There are several differences in this recipe, and the technique I use, compared to the others recipes and techniques that I tried or read about.
I use unbleached bread flour to create a drier-than-normal-naan dough. Most recipes call for all-purpose flour. Bread flour is higher in gluten and lends itself better to the dough manipulation required to make naan at home. Also, real naan is going into an 800°F oven and it needs extra moisture to cook properly in there, so the resulting dough is wet and sticky. Not so on a pizza stone in a normal home oven. I've found that going with a normal dough moisture content makes it not only easier to handle, but it bakes perfectly in the home oven.
Many recipes call for rolling out the dough, I couldn't disagree more. When I rolled the dough during previous attempts, I always found the resulting naan would be flat, dry and crisp. So, I shape the dough balls into naan shapes by flipping it hand over hand. I then let it rest and rise a little more and then give it a few more flips before popping it onto the stone.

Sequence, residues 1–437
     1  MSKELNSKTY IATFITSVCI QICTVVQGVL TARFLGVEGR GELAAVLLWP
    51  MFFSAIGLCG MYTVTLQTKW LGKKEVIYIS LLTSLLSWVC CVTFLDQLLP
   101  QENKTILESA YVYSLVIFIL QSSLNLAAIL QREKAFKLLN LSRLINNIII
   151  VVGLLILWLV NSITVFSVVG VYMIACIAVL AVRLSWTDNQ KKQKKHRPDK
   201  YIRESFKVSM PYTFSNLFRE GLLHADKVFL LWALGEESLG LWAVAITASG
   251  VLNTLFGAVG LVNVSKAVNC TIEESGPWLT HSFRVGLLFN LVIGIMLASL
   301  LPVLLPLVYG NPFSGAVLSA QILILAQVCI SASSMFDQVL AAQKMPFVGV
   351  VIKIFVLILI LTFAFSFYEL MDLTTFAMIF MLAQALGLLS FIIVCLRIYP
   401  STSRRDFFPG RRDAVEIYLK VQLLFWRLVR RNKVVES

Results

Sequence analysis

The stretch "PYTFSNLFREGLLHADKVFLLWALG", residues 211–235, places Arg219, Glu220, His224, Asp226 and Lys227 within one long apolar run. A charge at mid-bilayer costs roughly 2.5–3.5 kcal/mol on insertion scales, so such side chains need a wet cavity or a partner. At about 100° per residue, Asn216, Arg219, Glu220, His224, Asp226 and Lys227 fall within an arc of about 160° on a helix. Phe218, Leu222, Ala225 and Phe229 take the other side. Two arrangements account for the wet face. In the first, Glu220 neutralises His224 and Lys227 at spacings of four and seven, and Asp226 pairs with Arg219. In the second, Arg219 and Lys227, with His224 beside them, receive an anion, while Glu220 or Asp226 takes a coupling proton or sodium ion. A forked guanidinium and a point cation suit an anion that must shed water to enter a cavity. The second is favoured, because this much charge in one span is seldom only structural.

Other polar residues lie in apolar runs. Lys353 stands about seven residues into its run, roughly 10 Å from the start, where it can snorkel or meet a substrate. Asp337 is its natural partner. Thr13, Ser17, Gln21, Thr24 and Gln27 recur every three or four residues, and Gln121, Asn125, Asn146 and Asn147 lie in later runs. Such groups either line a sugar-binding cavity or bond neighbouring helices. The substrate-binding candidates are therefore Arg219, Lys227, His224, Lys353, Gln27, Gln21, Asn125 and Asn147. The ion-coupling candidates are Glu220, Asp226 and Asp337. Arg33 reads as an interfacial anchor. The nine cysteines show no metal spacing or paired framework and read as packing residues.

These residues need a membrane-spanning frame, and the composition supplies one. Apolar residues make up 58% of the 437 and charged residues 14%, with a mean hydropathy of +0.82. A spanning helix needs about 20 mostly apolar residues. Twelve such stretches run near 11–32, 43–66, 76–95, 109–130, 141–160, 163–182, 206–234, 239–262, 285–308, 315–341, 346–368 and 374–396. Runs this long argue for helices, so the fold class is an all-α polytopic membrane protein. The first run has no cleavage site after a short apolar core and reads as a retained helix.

Finally, and thanks to Chef Sanjay Thummas' excellent suggestion in his recipe, I used the broiler to cook it. This helps it to cook a little more authentically by allowing it to brown quickly and nicely. I have a newer oven with the broiler in the same space as the regular oven, so it is easy to regulate the naan's exposure to the flame. You may need to adjust or improvise based on your oven.
So after a number of less-than-satisfactory results in my Indian flatbread cooking education, I offer you my recipe for GREAT homemade naan.